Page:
The UK’s Arbitration Act requires little formality for an effective agreement to arbitrate. Arbitration agreements need only be in writing or evidenced by writing.15 Further, a primary virtue of English law is its largely pragmatic approach to interpreting the parties’ agreement. Although a pure agreement to agree in the future is not a contract, the English courts are reluctant to conclude that an agreement is too uncertain to be enforced: ‘[t]he role of the court in a commercial dispute is to give legal effect to what the parties have agreed, not to throw its hands in the air and refuse to do so because the parties have not made its task easy.’16 This attitude is illustrated in relation to an arbitration agreement by the 2017 case Associated British Ports v Tata Steel.17
In 1995, the parties entered into a 25-year licence for Tata’s use of the deep water harbour at Port Talbot. They agreed that, ‘in the event of any major physical or financial change in circumstances affecting the operation’ after the half way point, either party could require the terms of their licence to be renegotiated to reflect the change in circumstances. And that ‘if agreement is not reached within a period of six months [.. .] the matter shall be referred to an Arbitrator’.18 Tata argued that ‘market challenges’ (Chinese competition, US tariffs, the formerly strong pound) constituted a ‘major financial change’ triggering reassessment of the licence fee.19 Associated British Ports argued, first, that the term ‘major financial change’ was too uncertain to trigger a binding obligation to arbitrate and, secondly, that there were insufficient objective criteria for an arbitrator to amend the licence.
The judge held that the arbitration agreement was effective. The meaning of ‘major financial change’ was sufficiently certain because there are ‘some changes which would definitely fall within the scope of the phrase [.. .] and some changes which clearly fall outside it [.. .] even though it may be difficult in the abstract to draw the precise divide’.20 Further, the arbitrator would be able to determine what amendments are reasonable by considering the existing licence, the circumstances existing when it was first agreed, the subsequent change in circumstances and the parties’ own suggestions. The arbitrator would not have to ‘make it up as he goes along’.21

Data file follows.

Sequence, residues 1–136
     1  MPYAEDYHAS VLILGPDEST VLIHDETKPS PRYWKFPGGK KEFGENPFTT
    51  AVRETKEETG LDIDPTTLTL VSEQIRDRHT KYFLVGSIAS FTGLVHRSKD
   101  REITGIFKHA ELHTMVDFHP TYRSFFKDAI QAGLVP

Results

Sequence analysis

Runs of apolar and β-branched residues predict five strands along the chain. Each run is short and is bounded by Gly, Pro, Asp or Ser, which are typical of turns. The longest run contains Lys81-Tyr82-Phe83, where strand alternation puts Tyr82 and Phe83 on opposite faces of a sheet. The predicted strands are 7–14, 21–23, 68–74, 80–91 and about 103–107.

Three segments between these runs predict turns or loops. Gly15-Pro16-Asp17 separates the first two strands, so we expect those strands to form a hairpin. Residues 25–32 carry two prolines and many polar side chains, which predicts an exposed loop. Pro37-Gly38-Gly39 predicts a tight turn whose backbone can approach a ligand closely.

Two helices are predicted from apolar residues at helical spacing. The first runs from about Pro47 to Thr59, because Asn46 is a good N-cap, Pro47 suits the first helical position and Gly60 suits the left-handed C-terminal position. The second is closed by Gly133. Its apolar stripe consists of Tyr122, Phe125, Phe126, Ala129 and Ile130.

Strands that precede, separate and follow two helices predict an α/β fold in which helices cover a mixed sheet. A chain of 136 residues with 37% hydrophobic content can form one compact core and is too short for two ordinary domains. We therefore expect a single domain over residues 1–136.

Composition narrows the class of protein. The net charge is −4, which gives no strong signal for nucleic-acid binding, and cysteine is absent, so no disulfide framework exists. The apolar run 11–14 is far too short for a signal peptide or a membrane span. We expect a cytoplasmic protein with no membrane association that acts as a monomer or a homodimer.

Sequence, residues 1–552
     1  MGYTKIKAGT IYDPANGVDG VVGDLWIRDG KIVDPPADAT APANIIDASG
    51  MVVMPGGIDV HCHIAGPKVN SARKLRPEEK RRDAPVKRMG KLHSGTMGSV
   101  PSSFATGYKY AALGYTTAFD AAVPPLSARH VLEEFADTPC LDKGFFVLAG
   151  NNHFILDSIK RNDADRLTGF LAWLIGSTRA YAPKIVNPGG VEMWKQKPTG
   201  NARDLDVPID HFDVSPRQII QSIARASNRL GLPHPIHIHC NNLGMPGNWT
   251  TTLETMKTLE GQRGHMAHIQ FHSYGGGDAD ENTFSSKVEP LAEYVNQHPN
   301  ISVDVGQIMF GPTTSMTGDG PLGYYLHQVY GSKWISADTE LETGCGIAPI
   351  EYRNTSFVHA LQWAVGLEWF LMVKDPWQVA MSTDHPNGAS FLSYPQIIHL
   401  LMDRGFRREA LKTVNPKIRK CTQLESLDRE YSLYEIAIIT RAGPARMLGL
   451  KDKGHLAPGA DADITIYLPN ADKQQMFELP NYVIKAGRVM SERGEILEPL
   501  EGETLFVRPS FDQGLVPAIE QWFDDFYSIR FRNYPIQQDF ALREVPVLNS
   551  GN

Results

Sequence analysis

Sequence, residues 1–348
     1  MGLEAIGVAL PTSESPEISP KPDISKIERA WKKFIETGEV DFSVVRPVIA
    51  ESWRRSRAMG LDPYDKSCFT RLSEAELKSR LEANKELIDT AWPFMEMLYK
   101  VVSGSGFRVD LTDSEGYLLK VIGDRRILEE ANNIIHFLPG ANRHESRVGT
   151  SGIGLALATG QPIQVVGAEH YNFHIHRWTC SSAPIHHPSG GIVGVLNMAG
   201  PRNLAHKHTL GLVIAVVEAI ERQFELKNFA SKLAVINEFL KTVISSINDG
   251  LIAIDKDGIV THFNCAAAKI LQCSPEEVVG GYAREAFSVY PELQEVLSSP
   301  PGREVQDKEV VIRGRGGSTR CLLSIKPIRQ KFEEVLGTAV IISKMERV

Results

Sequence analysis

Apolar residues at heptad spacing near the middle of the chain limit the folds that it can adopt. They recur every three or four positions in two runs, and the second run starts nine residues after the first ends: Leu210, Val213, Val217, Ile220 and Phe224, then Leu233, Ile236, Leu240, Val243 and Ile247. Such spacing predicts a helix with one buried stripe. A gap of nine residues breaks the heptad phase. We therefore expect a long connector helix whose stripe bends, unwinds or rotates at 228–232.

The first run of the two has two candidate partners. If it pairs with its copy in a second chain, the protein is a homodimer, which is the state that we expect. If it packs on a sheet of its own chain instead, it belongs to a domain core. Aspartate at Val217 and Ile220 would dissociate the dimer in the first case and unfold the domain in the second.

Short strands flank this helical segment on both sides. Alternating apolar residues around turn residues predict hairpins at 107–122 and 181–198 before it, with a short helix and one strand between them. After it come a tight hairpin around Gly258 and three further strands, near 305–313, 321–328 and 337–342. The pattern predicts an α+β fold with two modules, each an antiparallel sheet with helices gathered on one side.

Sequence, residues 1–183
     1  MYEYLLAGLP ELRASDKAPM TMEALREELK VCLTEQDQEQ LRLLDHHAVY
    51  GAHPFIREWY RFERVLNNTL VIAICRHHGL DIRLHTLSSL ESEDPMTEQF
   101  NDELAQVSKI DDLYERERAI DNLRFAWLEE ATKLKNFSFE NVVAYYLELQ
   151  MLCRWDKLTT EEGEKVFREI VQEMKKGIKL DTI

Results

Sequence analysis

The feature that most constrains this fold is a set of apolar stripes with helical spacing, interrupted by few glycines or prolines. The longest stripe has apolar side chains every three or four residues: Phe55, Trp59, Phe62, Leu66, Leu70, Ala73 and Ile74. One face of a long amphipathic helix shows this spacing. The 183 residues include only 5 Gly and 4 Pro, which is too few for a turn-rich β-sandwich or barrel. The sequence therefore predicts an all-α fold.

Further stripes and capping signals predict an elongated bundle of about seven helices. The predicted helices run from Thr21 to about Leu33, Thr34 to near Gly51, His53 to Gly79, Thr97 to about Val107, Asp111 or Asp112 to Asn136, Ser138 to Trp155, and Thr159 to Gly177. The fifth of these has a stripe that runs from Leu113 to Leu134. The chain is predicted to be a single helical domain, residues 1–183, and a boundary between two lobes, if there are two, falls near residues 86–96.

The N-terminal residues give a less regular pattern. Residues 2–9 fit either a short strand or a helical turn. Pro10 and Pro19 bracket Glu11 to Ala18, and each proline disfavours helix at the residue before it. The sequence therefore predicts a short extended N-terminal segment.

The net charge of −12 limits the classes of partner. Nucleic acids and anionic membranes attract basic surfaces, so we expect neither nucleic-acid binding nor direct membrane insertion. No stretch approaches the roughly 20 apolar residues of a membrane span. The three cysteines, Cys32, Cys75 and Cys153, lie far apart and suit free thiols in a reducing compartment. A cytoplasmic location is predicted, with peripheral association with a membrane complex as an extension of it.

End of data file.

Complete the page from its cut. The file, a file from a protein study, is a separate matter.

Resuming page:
This case exemplifies how the English court will give effect to an arbitration agreement, but also why great care should be taken when drafting arbitration clauses in order to avoid the question going to court in the first place. This particular clause also demonstrates the flexibility of arbitration as a dispute resolution mechanism in comparison with litigation. Rewriting the contract is not a remedy available to the English court. But, in arbitration, parties have the choice to agree that, if they fail to agree, an independent third party will impose a reasonable solution upon them.